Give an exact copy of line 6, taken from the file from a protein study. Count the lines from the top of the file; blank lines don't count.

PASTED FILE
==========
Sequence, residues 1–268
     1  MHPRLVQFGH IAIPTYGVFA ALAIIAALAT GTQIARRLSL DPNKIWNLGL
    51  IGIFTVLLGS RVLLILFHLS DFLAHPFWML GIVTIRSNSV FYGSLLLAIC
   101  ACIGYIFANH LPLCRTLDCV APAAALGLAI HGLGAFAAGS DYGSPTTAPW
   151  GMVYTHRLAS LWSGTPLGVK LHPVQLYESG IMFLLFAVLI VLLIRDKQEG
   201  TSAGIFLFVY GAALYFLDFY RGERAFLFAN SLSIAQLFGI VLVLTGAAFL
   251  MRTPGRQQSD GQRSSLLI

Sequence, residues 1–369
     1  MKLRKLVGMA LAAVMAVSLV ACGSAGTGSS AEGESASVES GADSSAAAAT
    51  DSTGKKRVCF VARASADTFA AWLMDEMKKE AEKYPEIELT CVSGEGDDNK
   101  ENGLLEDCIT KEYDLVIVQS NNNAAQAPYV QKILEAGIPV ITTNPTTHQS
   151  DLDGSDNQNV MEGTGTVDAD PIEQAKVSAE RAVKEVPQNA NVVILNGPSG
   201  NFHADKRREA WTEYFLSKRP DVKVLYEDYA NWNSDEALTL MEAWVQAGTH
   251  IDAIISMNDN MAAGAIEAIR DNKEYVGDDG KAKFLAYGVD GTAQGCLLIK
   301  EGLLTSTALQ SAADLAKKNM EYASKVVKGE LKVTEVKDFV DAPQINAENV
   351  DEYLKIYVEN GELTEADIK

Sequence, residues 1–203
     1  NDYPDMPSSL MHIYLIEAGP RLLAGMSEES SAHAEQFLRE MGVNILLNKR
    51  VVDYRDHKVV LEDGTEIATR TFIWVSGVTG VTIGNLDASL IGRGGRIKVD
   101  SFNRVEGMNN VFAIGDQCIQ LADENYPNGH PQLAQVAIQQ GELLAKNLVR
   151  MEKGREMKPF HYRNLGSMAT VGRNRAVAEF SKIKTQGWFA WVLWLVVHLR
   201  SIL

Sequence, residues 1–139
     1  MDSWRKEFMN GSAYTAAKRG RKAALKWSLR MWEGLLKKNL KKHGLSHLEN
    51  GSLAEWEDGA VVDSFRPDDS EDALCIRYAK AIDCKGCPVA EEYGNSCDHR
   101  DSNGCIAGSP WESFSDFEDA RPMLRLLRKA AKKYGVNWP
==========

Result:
   201  TSAGIFLFVY GAALYFLDFY RGERAFLFAN SLSIAQLFGI VLVLTGAAFL